Article by A. Giumlia-Mair and E. Lucchini, download at this link: Surface_analyses_on_modern_and_ancient_c
Over the last two decades, together with the increasing prices in the antique market and the proliferation of private ‘hobby collectors’, the number of fakes in circulation among antique shops, auctions and even institutions and museums has noticeably increased. So called ‘bronzes’ seem to be the favourite objects for both fakers and inexperienced collectors. In some cases the fakes are well made, so that often the professional can be fooled by them also. In this paper some examples of modern and ancient fake objects will be discussed.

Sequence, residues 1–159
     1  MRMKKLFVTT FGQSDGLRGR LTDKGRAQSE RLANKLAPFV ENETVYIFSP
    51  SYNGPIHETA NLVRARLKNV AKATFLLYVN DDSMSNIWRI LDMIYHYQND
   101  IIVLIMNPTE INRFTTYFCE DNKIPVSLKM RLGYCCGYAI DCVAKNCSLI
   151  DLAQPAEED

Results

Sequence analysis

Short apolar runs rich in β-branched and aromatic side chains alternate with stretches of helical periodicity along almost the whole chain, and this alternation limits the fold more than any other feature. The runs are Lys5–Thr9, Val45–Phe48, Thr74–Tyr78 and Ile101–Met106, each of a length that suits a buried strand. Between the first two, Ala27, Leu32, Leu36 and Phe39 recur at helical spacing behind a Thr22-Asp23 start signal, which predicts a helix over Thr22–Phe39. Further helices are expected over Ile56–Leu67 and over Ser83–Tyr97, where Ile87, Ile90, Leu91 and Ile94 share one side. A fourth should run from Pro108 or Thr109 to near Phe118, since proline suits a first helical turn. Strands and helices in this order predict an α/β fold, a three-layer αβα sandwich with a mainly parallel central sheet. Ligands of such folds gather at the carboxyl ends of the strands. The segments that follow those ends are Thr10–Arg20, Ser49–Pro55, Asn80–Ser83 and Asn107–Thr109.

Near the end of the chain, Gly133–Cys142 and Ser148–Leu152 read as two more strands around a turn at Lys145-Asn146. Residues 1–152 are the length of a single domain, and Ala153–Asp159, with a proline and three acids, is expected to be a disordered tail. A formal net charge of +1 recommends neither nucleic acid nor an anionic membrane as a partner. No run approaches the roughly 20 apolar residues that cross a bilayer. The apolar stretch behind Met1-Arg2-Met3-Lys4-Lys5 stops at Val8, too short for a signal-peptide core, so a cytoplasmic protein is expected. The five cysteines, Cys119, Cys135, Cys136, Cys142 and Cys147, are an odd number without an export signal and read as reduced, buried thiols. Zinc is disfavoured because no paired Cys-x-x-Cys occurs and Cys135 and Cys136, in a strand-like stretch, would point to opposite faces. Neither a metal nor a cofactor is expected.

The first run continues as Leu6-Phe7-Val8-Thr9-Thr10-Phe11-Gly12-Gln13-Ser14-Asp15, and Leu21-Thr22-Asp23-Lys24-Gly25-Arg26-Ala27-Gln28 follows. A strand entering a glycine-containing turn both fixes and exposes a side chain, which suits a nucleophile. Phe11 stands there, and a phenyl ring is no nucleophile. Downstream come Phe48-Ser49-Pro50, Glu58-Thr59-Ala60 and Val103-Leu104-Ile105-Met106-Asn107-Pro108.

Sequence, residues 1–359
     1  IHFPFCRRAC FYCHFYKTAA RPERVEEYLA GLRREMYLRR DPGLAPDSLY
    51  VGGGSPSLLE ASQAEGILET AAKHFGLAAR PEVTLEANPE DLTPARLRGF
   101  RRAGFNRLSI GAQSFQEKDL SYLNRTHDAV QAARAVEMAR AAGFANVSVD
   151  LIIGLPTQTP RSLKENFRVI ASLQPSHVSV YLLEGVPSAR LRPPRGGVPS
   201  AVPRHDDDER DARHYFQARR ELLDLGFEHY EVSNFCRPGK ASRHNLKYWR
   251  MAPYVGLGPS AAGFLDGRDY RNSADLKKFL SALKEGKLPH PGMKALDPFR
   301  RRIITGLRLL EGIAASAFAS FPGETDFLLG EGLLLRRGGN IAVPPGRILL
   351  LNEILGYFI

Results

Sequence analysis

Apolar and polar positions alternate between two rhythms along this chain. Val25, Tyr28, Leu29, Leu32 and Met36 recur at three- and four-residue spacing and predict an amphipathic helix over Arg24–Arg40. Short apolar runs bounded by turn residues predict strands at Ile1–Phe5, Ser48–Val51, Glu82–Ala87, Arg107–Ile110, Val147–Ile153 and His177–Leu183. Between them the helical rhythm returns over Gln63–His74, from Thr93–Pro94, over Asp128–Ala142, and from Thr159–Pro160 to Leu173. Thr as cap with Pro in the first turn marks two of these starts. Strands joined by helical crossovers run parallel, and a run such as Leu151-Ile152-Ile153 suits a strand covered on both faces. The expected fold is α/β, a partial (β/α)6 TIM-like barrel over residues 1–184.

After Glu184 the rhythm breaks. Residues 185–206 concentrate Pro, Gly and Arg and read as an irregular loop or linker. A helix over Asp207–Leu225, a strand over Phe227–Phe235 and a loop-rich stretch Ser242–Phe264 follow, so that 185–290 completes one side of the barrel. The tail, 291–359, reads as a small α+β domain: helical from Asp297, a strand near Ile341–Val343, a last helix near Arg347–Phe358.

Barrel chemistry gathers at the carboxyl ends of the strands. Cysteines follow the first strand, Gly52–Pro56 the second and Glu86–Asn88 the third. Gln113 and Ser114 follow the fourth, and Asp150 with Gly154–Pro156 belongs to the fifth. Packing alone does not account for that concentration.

A recommended reading…
There is an ebay account from Italy (giusepper2480) selling fake greek coins. The guy is honest and he states they are “Altissime riproduzioni”, but it has already occurred in the past that his fakes have been bought by dishonest people, who sold them again as genuine on other auctions.
They are not so dangerous fakes, but I post here what he currently sells, as future memory for inexperienced collectors.